Currently, there are upwards of 78,000 registered for exams between May and September. There are still thousands of seats left for students still interested in taking their MCAT this year.
This spike in student MCAT registrations indicates that there is an unprecedentedly growing interest in medical schools this year, despite the obstacles that the pandemic has produced.
The growing number of students interested in medical school was also observed in the number of people that initiated their medical school applications. Applications opened on May 4, 2020 and within just the first couple of days, there was already a 50% increase in the number of students that initiated applications compared to 2019.
Students can then start submitting their applications on May 28, 2020. Therefore, this early lift does not necessarily mean that more students will ultimately apply in this cycle. However, those at AAMC are cautiously optimistic that this is the case.
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It is evident that this is an unusual medical school application cycle. With the nation battling a pandemic and three months of MCAT exams canceled, there have been unprecedented changes to the structure and administration of the exam. This will impact tens of thousands of registered applicants.
MedSchoolCoach is the leader in medical education while coaching students with MCAT tutoring and admissions advising. They have also been riding the wave of the increased need for students to get into med school.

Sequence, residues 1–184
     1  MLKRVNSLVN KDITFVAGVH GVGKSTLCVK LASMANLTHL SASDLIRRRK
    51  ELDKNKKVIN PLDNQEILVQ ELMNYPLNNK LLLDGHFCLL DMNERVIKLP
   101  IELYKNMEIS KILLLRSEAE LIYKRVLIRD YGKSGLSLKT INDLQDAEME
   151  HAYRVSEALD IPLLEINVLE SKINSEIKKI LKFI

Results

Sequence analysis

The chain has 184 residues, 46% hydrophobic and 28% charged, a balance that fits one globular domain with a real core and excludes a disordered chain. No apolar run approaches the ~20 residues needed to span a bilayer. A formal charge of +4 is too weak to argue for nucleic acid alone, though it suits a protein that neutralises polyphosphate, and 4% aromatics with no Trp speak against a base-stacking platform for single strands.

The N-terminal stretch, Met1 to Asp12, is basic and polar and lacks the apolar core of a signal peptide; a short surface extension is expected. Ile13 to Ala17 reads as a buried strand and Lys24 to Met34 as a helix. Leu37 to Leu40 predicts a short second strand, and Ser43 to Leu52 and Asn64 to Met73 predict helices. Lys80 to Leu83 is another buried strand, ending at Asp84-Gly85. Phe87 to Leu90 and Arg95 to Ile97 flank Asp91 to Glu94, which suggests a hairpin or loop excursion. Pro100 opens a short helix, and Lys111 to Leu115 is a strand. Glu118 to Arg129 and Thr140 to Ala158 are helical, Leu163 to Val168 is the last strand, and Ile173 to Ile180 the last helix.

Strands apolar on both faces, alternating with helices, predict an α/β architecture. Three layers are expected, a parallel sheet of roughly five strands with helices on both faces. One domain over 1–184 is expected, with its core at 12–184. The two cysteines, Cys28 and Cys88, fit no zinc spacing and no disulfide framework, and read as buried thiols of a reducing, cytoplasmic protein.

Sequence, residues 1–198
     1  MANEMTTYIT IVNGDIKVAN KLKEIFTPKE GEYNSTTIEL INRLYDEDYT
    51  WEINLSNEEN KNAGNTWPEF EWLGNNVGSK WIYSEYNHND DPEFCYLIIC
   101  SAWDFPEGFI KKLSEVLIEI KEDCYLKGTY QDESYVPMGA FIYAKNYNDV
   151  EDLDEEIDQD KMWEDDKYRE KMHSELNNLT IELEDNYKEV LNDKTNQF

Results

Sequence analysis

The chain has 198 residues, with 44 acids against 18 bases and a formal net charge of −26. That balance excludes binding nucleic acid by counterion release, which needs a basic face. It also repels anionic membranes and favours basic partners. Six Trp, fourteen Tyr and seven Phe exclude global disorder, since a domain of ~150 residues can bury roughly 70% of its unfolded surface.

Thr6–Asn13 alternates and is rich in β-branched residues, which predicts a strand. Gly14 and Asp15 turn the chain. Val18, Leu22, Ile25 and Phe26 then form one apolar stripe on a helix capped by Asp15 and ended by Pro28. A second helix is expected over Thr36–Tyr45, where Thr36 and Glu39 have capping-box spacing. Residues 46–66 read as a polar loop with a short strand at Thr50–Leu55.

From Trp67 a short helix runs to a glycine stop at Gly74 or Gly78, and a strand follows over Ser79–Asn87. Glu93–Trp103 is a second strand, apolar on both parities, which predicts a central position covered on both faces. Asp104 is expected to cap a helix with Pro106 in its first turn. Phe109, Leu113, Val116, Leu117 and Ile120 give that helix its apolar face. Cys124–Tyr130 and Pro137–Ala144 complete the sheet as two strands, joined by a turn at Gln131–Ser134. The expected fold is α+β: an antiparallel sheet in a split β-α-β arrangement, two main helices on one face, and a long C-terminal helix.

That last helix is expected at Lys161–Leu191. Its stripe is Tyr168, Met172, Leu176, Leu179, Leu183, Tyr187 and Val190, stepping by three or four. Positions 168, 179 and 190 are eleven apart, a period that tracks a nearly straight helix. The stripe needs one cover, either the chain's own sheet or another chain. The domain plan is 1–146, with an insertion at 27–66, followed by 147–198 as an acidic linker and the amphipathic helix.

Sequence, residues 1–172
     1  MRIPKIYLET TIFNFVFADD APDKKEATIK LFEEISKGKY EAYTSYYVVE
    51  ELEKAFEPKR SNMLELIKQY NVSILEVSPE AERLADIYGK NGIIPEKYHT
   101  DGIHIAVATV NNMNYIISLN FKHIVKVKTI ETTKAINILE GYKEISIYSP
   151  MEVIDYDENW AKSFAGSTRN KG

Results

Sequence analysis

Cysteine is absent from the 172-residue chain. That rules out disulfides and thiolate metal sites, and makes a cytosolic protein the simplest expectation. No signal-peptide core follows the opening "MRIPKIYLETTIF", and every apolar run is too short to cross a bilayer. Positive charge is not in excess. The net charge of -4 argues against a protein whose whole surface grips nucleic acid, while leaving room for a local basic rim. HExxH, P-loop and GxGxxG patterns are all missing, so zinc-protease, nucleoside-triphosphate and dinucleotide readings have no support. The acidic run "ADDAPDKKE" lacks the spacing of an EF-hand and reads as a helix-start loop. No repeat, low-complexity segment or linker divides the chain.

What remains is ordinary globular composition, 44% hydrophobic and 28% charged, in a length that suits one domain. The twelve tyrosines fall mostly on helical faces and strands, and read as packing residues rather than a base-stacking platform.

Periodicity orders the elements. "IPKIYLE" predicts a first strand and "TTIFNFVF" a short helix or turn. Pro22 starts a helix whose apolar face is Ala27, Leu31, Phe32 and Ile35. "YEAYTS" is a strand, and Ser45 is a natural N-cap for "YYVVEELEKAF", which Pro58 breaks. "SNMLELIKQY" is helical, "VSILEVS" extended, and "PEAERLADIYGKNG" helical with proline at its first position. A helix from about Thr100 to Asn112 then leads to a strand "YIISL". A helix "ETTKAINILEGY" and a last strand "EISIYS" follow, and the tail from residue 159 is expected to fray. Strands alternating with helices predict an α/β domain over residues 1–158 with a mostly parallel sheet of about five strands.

Ken Tao is one of the country’s lead authorities on the MCAT and is the MedSchoolCoach Director of MCAT Tutoring. “Our MCAT tutoring hours have increased by 74% this April compared to last April. This is largely influenced by student’s needs to have human coaching while they are not attending live classes. This is also likely tied to increased competition.”
Prior to the pandemic, just 42% of students applying to medical school were accepted.
Ken added: “Students who received MCAT tutoring from us were accepted to medical school at a rate of 92%. With more students than ever registering for the MCAT, the importance of a student boosting their exam score just a few points is crucial for them to get into their school of their choice – or even to get accepted into any school at all.”
Despite the challenges presented to pre-medical students due to exam cancellations and registration site crashes, there still seems to be a growing interest in applying to medical schools this year. MedSchoolCoach has already helped more than 13,000 students get into medical school, and that number is expected to rise sharply in 2020.
Many experts are hopeful that the recent COVID setbacks did not discourage students from pursuing careers in the medical field. And early data seems to indicate the opposite may actually be true – that the interest in becoming a doctor may actually be on the rise.
Amy Lu is a pre-medical student at Johns Hopkins University studying Biology, Spanish, and Visual Arts. She is interested in incorporating her love for languages and the arts with health, so she teaches public health lessons to Spanish-speaking immigrants and prepares arts and crafts activities for pediatric patients at the Johns Hopkins Hospital.